In 1967 I built a house in Big Sur. It was a rudimentary homestead. I tapped into a spring 600 feet up the mountain for water and cleared and terraced an acre or so of the hillside for farming. The house was built out of large (double-track) railroad ties for posts and recycled 30′ long fir 2 x 14’s (from Cleveland Wreckers)for beams and floor girders. The roof deck and the floor were 2×8″ local tongue-and-groove Monterey Pine; the wall sheathing was lumber from a farm labor camp I tore down in Salinas. I made the wall shakes from a deadfall redwood I found in a nearby canyon. Used windows from chicken coops. It was what would now be called “green building.” It took me about a year to build the house. Within 2 years, I left Big Sur for a variety of reasons, and had only been back down there a few times in the ensuing 40 years.
The Big Sur Historical Society invited me down to do a talk on building the house and so last week I went found myself in the deja vu zone. The weather was great and as I rounded a bend just south of Carmel and saw the first massive hills of Big Sur I got a jolt in the solar plexus: I fall in love with places and Big Sur was one of my great loves.
I first went to Big Sur to build a large house on a ranch in 1966 (before building my own place), and I went back to look at this place:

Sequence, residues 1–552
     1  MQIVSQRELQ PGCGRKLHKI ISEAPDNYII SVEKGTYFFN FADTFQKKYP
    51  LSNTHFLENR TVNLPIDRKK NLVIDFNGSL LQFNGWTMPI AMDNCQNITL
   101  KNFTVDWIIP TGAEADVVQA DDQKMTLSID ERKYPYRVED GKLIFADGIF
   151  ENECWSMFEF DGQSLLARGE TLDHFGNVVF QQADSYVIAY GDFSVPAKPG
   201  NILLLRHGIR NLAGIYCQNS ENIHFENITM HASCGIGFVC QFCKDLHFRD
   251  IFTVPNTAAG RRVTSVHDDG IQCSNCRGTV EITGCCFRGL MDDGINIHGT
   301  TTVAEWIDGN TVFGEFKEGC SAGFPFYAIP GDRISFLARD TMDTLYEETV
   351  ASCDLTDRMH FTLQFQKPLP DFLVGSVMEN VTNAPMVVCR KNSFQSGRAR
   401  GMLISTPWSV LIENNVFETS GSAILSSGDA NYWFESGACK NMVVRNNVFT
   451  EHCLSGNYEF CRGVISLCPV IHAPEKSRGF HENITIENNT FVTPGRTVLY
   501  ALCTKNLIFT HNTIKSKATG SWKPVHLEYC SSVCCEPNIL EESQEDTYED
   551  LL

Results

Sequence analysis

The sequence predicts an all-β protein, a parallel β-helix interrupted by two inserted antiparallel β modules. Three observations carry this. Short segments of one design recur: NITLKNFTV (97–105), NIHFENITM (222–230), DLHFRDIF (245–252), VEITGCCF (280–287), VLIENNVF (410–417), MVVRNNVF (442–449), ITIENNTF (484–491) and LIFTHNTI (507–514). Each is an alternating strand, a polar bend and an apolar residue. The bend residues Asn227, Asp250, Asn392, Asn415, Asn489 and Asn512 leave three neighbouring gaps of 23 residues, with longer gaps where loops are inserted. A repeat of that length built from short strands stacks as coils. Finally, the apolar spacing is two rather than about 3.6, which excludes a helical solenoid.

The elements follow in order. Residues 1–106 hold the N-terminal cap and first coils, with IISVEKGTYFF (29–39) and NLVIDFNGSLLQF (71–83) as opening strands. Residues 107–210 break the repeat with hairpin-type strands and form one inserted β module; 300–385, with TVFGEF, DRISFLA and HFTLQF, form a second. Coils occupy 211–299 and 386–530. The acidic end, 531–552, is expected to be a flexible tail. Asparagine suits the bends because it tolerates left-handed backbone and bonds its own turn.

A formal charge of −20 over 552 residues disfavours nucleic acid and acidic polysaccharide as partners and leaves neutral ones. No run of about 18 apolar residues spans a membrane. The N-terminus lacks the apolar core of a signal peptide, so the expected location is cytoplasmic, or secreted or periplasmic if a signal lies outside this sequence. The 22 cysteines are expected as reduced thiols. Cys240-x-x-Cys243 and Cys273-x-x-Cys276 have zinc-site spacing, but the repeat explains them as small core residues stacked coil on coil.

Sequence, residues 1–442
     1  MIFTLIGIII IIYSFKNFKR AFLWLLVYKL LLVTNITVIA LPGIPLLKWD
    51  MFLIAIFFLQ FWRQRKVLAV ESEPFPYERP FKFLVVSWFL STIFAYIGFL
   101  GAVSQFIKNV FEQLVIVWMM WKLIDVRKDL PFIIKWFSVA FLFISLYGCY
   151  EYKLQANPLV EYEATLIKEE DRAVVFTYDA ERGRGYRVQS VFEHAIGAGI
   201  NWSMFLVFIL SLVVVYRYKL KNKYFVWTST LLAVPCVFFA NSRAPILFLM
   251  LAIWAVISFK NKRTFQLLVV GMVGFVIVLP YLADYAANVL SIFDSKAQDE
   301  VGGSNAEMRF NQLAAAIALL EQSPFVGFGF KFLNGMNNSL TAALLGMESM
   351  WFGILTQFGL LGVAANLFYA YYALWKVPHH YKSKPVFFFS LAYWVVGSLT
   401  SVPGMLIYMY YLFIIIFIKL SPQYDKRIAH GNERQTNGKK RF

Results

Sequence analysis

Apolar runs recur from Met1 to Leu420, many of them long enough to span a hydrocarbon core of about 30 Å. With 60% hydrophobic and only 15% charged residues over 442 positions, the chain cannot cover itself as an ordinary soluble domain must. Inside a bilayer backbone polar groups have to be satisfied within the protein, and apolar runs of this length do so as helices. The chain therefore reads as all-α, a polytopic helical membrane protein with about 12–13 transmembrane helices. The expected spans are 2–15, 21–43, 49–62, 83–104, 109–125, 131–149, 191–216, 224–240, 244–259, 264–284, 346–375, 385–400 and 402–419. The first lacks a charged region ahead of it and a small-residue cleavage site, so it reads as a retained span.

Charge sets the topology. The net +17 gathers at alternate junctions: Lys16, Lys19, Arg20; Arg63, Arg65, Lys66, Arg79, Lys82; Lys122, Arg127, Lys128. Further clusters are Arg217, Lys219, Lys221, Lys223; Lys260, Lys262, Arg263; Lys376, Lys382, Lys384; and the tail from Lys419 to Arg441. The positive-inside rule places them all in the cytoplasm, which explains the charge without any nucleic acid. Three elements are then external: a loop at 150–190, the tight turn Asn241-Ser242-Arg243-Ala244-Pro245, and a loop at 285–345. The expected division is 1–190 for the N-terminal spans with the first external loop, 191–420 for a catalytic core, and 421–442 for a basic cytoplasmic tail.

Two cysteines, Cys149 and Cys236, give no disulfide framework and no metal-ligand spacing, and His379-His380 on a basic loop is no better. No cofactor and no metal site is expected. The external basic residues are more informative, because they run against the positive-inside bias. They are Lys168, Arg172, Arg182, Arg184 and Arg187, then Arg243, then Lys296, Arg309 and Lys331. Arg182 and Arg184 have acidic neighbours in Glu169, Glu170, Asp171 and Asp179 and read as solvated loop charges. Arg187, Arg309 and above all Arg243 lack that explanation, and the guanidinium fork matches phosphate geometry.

This wonderful pool has been in the canyon below my house for some 50 years. There’s no chlorine, it’s kept fresh by constantly-flowing creek water. Each night after I’d finish working on my house I’d go down there, bow to the redwoods and then the 4 corners, and dive in. On this trip I went swimming in it 4 times. Wonderful with no chlorine.
My house is now owned by Barbara Spring, a well-known sculptor. Barbara, 90 years old and still sculpting her figures (with an electric chain saw), loves the house. Click here to see some of Barbara’s sculptures
Her caretaker, Ehren Woyt, keeps the pool and grounds in beautiful condition.
In the 40 years since building the house, I’ve photographed countless skilled carpenters and builders, making me realize how crude was my workmanship here. But what took me by surprise was the soulfullness of the place, still intact, kept alive by Barbara and her family.
After going swimming and then dinner on Monday night, I sneaked into nearby Esalen Hot Springs to soak in the baths. It was pitch black and after getting into the grounds I had to rely on memory to make my way to the baths, going down dark paths and crossing creeks. avoiding Esalen officials. I made it and soaked in the magic waters, looking out at Scorpius rising, its long curved tail extending down to the horizon. Oh yeah!
The next day about 40 people showed up at the house and I told them about building it, and what was going on in the counterculture in those days. The next day I headed home, stopping to jump in the ocean in Carmel, then the 17th Avenue cove in Santa Cruz, then finally ducked under “my” waterfall on Mt. Tamalpais on the way over the mountain to home.